Yeah, The Kamikaze Jitterbugs. Sure, they're exciting, they've
danced with the Boston Symphony and they've been on television.
Best in the world, God's honest truth."
course the postcard actually read: "Really kind of exciting,
the Kamikaze Jitterbugs of Boston move like an old-fashioned symphony,
slowly but surely. They have the best of the bad moves and wear
world-class shoes. Featured on local television's popular Midnight
Cablecast Cabaret, they were wicked good and very honest. Truth!"
a few more minutes they say, "Two thousand, and that's the
best I can do." Then they hang up the phone and call me:
"You guys do shows, right? How about an hour show for a corporate
function featuring ten of your best dancers? Excellent. Two hundred
dollars. You heard me. Three? You got me by the short ones. How
about two-fifteen? Great."
maybe, the agent reads the card, but still books the Hawaiian
gig using four Quickstep dancers from Arthur Murray's. At the
end of the phone call the agent shoves the color Kamikaze postcard
into a drawer.
months later a client calls: "What we want is dancers. You
know girls with legs..." And the agent says, "Oh, yea,
I, uh, I've got these terrific dancers. The Kazmakazy Jitterbuggers,
real famous, best in the world, New York Philharmonic, television,
the whole ball of wax. They'd be great at the BioTheology Sales
Convention at the Hyatt." And the agent starts fishing around
in the drawer, trying to find the postcard.
"A dance show? You mean like Broadway or Flashdance?"
"Absolutely. Oh, a half hour at least. Yeah, let me check
availability. I'll call you right back.."
I get a phone call. "Bob, this is Sammy Frost from Bim-Bam-Boom
Productions and we were wondering about your availability for
July 7th at the Hyatt. Yeah, we just thought maybe a little thirty
or forty minute show with eight dancers. How much? Oh. Well, how
about a fifteen minute show with two dancers? That much, huh?
But you're good, right? Professionals and everything? Costumes,
too? Really? Okay, hold that date, I'll call you right back."
"Yeah, just checked with the dancers. What you got is your
basic Broadway style show, half hour of song and dance, ten girls
in fishnets with a Flashdance finale. Nope. No problem at all."
it's important to remember that the materials I've sent the agent
make it clear (to normal people) that The Kamikaze Jitterbugs
have a maximum of three men and three women specializing in period
dance from 1920-1960. But agents are busy people. No time to read
boring press materials or watch tedious videos...
note: the stories that follow, although true, all took place before
1996 in the Boston area and involved agents who would be most
kindly referred to as "local". Since that time, we've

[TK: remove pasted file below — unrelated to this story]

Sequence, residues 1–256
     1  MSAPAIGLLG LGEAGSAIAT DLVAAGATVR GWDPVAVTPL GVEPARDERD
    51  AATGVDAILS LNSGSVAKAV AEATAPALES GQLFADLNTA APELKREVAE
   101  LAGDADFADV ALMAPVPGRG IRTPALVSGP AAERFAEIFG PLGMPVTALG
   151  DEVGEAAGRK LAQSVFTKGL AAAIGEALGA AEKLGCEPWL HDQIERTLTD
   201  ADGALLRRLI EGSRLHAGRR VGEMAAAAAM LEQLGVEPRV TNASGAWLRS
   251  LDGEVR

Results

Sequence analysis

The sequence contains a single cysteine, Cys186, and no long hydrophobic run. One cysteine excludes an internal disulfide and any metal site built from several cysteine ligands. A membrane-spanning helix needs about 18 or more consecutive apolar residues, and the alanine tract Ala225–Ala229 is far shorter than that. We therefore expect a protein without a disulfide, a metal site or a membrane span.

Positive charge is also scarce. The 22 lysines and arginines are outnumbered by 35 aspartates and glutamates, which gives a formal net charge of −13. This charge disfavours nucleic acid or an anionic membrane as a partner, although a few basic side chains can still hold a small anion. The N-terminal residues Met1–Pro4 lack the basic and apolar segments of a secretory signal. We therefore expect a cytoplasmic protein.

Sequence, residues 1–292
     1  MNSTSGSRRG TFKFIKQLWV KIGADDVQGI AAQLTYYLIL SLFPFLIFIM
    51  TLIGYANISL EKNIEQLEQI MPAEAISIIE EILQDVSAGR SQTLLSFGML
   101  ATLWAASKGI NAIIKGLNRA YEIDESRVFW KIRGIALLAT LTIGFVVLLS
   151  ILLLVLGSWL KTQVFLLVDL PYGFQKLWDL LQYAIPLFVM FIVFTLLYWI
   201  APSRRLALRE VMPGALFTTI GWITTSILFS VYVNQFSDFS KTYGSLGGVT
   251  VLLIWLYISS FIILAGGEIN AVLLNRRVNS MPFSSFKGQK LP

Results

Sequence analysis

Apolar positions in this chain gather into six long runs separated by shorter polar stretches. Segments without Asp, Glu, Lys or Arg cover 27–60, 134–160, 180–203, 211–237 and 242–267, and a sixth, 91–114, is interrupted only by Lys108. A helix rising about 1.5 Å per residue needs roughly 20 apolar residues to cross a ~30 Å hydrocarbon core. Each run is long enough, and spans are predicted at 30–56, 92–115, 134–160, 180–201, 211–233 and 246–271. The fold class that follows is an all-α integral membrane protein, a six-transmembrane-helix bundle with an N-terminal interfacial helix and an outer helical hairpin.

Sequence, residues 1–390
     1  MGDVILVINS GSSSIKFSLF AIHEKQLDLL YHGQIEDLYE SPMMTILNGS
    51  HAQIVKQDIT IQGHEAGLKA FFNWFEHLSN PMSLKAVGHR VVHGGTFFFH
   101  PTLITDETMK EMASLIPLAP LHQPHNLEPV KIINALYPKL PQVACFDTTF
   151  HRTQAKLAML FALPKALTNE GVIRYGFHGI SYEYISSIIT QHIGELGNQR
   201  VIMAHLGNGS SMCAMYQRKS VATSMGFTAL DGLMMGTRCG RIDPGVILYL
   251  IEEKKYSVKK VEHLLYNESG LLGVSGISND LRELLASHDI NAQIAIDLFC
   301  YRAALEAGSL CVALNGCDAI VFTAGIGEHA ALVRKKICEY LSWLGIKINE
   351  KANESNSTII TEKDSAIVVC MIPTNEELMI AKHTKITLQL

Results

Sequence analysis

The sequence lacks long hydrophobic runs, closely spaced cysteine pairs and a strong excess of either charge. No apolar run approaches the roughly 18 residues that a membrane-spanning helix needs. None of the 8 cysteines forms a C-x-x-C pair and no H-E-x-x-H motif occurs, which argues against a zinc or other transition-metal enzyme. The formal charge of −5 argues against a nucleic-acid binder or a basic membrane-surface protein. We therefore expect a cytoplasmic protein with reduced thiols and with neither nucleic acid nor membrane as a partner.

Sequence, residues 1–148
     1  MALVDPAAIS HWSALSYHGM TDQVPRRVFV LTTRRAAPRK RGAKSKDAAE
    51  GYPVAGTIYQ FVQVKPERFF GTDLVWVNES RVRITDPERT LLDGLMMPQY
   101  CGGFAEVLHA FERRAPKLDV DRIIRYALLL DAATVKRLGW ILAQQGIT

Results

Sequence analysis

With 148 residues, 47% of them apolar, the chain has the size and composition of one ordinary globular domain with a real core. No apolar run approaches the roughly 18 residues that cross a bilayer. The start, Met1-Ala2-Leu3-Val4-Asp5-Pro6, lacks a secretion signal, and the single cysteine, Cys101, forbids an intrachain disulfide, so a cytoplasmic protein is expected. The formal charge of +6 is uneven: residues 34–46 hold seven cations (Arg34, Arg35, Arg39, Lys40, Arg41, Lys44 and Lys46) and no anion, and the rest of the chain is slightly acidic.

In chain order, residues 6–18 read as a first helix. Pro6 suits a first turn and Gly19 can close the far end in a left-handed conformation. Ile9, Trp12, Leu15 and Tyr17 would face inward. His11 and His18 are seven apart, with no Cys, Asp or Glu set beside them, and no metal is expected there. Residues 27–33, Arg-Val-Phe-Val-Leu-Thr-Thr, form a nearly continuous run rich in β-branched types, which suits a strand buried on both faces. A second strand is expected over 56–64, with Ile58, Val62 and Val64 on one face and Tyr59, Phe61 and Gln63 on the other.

raised our rates, we send the agent what's called a "Tech
Rider" with details about lighting, flooring, etc and we
very clearly specify in writing our personnel and exactly what
we'll be doing on the gig.
There Are MEN in The Kamikaze Jitterbugs?
agent, on the basis of a photo sheet I sent out featuring four
two-inch photos and a paragraph of inflated PR description, has
contracted for seven dancers to do a twenty minute show. We're
talking decent money here. Music will be provided by a six-piece
night of the gig my wife and I race to the car with our costume
bags over our heads because outside it's raining melons and squash.
As we drive down Route 24 towards Fall River [MA] we steam through
sheets of rain pouring down out of a sky that's a windblown whirlpool
wife and dance partner tries to read directions by passing headlights
as I keep watch that I don't hit the Flying Dutchman and its crew
of the damned with our '86 Camry with 178,000 high-quality miles
passed under its rudder.
after a half hour of meandering on flooded back roads that appear
to have been recently gouged through empty weed-blown fields somewhere
north of Fall River, we pull up to a huge rusting aluminum (how
is that possible!?) warehouse. The area is in the middle of a
miles-wide wasteland punctuated with scattered rusted junk cars,
dried brush and dead trees, occasionally thrown into stark relief
by intermittent lightning. The warehouse is fronted by a war-torn
macadem beachhead randomly marked with fading stripes of white
we enter the warehouse, dragging our bags, we are met by the client
(that is, the woman who hired the agent who subcontracted the
agent who hired us, none of whom we've ever met). Seeing us she
quips, "You're the dancers?" Long pause sprinkled liberally
with confusion. "I didn't know there were men in your group."
Seeing instantly she has no sense of humor, I give a numb nod
as I turn and make my way to the employee snack bar that's going
to serve as our dressing room.
vibes ripple fill my chest cavity like fumes from a gas line recently